Arts & Entertainment
4 min

Ab Fab hijinks to make big screen debut July 22

Edina and Patsy are living large and loud on the French Riviera

Edina Monsoon (Jennifer Saunders) and Patsy Stone (Joanna Lumley) make their big screen debut in Absolutely Fabulous: The Movie. Credit: David Appleby

Fans of the British TV comedy Absolutely Fabulous will be relieved to know that Edina Monsoon (Jennifer Saunders) and Patsy Stone (Joanna Lumley) are still alive — somehow. But they are, unsurprisingly, in trouble.

In the pair’s big screen debut, Absolutely Fabulous: The Movie, they flee to glamorous Cannes after accidentally pushing supermodel Kate Moss into the River Thames. Once on the French Riviera,  they work on a plan to live in luxury forever.  

The movie features dozens of celebrity cameos — Chris Colfer, Dame Edna, Jon Hamm and Jean Paul Gaulthier included — and Kylie Minogue’s take on the show’s classic theme song, “This Wheel’s on Fire.”

The movie’s North American release is set for July 22, 2016. In the lead-up to the big day, Daily Xtra, along with several other queer media outlets, was invited to participate in a teleconference roundtable with Saunders and Lumley. The following Q&A is an edited and condensed account of the conversation between the two stars and the various reporters.

Some younger people haven’t heard of Ab Fab. Who are Patsy and Edina?

Joanna Lumley: Well, these are people who have been friends since they began . . . Eddy is [in] PR — she thinks she’s a fashion PR guru. Patsy works as an editor on a fashion magazine. They’re utterly useless. They’re inseparable friends, and they walk in chaos.

Jennifer Saunders: A chaos of drink and cigarettes and champagne.

Lumley: And a few illegal substances. And generally in very bad shoes.

How did you update the characters for the movie?

Saunders:  Well, we just get older it so happens. Edina gets older and fatter. And actually Patsy doesn’t change at all — she’s just sort of embalmed and remains exactly the same.

You have an exciting low-speed chase in the film. Joanna, you have to grab a cigarette from the mouth of a man in a café as you pass by. Can you talk about the difficulty of doing your stunts in your fabulous frocks? 

Saunders: We insisted on doing our own stunts.

Lumley: Obviously, to reach from a car travelling at almost three miles an hour to take a cigarette off a completely supine man . . . was challenging. I managed it.

Saunders: I’d never been on a scooter before, and they wouldn’t let me wear a helmet. I was very, very brave. It’s almost the most exercise I’ve ever done.

Your gay fans have always adored both of you. Why do you think you’ve connected so deeply with that community?

Lumley: I think, from Patsy’s point of view, she’s very easy to copy if you’re a boy and want to dress up as Patsy, because Patsy’s quite tall. You just want to get your good yellow wig on. Lots of lovely red lips. Most men have very good legs — much better than mine — so men’s beautiful legs showing in good stockings. Nice pair of high heels. Glass of Bolly. Cigarette on the go. Dark shades on. You’re there.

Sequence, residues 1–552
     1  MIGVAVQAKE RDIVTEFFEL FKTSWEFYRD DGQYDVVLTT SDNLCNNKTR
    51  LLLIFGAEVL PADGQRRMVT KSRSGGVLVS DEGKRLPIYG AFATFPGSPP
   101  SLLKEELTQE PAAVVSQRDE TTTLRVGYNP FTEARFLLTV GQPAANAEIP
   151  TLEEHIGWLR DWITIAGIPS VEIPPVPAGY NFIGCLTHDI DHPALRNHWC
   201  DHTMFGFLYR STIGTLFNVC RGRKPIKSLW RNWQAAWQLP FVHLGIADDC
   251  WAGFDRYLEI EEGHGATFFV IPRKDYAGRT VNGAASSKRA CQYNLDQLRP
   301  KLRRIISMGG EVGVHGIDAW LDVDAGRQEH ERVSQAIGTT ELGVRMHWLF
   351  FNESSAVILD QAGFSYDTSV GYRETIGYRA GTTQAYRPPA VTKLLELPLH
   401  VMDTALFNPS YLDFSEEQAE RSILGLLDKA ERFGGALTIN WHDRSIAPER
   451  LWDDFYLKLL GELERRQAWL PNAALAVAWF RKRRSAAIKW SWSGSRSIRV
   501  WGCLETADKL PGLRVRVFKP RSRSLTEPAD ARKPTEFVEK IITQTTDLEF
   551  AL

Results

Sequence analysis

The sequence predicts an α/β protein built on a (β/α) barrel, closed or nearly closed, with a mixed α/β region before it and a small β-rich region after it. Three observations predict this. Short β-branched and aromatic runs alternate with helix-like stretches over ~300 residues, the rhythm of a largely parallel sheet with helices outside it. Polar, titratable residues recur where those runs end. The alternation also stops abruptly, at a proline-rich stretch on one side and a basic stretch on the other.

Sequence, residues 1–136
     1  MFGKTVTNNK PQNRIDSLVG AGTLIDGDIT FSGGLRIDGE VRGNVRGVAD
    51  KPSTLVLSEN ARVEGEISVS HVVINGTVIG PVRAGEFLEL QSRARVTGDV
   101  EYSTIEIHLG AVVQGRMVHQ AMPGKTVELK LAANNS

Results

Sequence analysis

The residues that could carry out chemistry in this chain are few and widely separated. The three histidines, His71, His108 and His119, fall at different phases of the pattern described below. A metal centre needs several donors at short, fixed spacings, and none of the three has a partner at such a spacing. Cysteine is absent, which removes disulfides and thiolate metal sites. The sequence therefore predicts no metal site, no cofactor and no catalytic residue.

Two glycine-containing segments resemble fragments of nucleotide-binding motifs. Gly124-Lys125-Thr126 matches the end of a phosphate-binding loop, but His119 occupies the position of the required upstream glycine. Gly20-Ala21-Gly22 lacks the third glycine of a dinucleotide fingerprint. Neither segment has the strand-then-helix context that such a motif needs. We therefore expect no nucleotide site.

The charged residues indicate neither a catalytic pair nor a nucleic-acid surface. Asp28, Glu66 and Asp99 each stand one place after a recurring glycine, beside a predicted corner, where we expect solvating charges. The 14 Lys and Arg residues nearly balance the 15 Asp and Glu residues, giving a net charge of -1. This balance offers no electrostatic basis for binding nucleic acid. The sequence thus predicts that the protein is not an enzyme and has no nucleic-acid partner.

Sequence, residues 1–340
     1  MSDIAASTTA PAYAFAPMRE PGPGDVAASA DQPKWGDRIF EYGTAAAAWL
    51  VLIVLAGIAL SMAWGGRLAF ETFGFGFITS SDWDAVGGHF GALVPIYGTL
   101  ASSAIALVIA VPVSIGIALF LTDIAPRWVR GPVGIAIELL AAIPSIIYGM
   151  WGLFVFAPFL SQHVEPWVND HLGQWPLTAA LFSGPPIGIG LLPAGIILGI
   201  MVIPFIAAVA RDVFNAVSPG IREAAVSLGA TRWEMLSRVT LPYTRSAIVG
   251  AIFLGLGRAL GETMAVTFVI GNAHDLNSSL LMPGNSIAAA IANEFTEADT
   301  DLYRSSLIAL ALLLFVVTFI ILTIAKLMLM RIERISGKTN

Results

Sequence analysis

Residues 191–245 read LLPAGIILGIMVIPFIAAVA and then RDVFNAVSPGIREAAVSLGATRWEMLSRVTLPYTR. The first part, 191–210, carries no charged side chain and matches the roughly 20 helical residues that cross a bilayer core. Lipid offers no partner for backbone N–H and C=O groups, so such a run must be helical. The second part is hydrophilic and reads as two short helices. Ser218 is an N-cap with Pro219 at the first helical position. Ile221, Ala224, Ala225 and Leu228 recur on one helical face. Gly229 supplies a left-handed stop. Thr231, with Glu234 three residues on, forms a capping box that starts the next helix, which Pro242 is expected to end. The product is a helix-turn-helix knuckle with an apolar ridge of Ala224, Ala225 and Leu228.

Saunders: I think, as far as the characters go, they live for each other, and they live a life they don’t apologize for. They don’t need men. They don’t need a relationship in order to have fun and get on in the world.

The drugs and facial injections and all of that really resonated with the hard-partying 1990s gay male crowd. When writing this, were you concerned that that kind of humour wouldn’t appeal to today’s queer crowd?

Saunders: I write it to amuse Joanna, really. I think if you wrote it with too many people, too many audiences in mind, you’d die of the pressure. I just basically write what I think will be funny, and what I wanted is if people could see this film, and not have known the series and still enjoy it, but that it would also satisfy people that knew the series extremely well.

Patsy does some very mild crossdressing in the movie, and it’s hinted she was once a man. Is she a transgender person who was born male and transitioned to female?

Lumley: Patsy was born a girl and was a woman, but she took some hormones in the ’60s because she fancied being a man, and then went down with Edina to Morocco . . . and had a very poor operation, and it withered away and dropped off after a year. So, she stopped taking the hormones, shaved a bit, and went back to being a woman.

Saunders: We see her in the [TV] series. In the series, we have a flashback to the ’60s, and we saw Edina as a hippie, and we saw Patsy as a man. It’s always been just something to play with.  In the kind of Eurotrash idea, too, I think.

Lumley: I think [in the movie] Patsy semi-revisits it — she thinks —  by combing her hair back and putting on a very bad false moustache.

Saunders: And keeps the moustache on even when she’s blatantly wearing women’s clothing. I don’t think they care — that’s the truth. As it turns out, nor does the woman that she’s marrying [in the movie].  I think it’s about, it doesn’t matter. Be who you can be and want to be.

Do you think there’s going to be a sequel?

Saunders: Well, Joanna keeps telling me there’s going to be a sequel, so there’s going to be a sequel.

Do you have anything else you’d like to add?

Lumley: I do . . . Cheers, sweetie.